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Best deal for citizens: A bigger, better Crawford market in South Mumbai

Supreme Court dismisses special leave petition that was in way of phase 2 of work

mumbai Updated: Apr 17, 2019 00:49 IST
Steffy Thevar
Steffy Thevar
Hindustan Times
Mumbai,Crawford market,South Mumbai
The Crawford Market Association first sought to redevelop the market according to the policy approved by the state in 2004 and 2005.(HT File )

Paving the way for redevelopment of Crawford market, the Supreme Court (SC) recently dismissed a special leave petition (SLP) filed by the Crawford Market Association to get a builder to handle the project.

The redevelopment of the market, officially known as Mahatma Jyotiba Phule Market, was proposed in 2006, but has been stuck owing to various issues, including the resistance by the market association. The revamp was planned in two phases – phase one has been completed, while phase two will start soon.

Phase two involves restoration of the heritage fountain, and reconstruction of the three buildings, where China Bazaar is currently located. None of the buildings will be taller than ground plus three structures. Each building will have two basement parking facilities and three entry-exit points for trucks to load and unload. The parking will also de-congest the roads and reduce traffic. The new market will have one-acre open space between three buildings. It will also have service elevators, fire-fighting systems, mechanical ventilation and segregation of waste. The total estimated cost of the project is ₹304.64 crore. Civic officials said the new building could be ready in 30 months.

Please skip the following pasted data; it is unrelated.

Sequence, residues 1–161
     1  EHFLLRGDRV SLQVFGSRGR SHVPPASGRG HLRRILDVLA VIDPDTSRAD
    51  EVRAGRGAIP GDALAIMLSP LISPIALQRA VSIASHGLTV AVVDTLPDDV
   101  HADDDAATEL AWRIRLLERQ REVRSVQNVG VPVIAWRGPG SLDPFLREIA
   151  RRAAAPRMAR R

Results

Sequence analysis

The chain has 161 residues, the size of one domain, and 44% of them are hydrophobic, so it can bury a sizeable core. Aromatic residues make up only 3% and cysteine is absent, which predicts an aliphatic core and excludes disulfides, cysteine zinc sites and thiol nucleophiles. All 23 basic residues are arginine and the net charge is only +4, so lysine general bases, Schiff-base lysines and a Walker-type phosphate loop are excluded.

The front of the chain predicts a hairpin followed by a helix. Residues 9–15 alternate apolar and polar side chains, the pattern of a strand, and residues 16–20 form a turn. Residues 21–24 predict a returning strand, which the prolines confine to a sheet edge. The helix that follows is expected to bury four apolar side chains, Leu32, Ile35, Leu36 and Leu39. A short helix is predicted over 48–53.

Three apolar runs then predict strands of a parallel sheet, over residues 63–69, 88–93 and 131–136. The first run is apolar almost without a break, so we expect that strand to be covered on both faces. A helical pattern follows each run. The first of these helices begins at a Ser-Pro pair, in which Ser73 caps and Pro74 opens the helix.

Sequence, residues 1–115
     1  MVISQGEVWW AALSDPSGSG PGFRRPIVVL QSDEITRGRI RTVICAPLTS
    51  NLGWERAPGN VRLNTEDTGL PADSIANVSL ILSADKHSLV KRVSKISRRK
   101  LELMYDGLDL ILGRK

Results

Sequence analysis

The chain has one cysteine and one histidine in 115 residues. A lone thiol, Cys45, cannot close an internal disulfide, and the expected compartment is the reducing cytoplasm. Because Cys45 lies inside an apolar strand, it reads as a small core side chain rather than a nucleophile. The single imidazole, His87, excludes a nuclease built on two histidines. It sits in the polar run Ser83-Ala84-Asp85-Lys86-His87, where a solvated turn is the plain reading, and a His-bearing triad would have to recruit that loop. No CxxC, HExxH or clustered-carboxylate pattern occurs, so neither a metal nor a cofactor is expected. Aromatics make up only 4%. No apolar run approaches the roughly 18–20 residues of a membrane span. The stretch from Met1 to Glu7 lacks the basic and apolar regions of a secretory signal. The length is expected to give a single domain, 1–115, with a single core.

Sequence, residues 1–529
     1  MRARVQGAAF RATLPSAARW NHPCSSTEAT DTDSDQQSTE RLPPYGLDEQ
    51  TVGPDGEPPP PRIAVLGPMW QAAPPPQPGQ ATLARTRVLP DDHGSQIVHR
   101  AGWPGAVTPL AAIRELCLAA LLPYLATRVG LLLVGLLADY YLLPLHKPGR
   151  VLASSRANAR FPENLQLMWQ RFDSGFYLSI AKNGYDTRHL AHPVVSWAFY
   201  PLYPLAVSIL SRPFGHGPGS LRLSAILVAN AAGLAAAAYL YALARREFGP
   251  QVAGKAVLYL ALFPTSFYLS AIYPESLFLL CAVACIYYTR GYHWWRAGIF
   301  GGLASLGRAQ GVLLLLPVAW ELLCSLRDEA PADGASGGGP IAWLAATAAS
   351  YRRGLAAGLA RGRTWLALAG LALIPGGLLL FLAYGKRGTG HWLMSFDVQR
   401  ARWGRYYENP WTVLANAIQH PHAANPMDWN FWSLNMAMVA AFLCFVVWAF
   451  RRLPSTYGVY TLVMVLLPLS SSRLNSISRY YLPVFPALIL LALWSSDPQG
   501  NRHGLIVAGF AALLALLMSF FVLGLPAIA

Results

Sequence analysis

The association first sought to redevelop the market according to the policy approved by the state in 2004 and 2005, but the civic body rejected it, as it did not consider the variation in ready reckoner rate. In 2008, the association got developers to create a revamp plan, which, too, was rejected by the civic body on the grounds that it did not meet the criteria of the heritage conservation committee. The committee had stated: “No changes can be permitted either on the exterior or interior unless it is necessary in the interest of strengthening and prolonging the life of the building or precincts or any part of feature and minimal. Changes would be allowed strictly in accordance with the original for the Grade-I heritage structures.” Moreover, the plan exceeded the permissible height limit of 20.80m.

The civic body began the redevelopment in 2009. As part of the phase one, the licensees have been shifted in the market. The phase two, for which the civic body has given eviction notices to shops at China Bazaar, will start soon.

Sangeeta Hasnale, assistant municipal commissioner (markets) said, “Our work for phase two has begun and the Supreme Court’s decision will speed up the process. We have built transit camps and already vacated half the China Market building. We have served relocation notices to 172 licensees who would be temporarily shifted to camps and be relocated as the work gets over.”

First Published: Apr 17, 2019 00:48 IST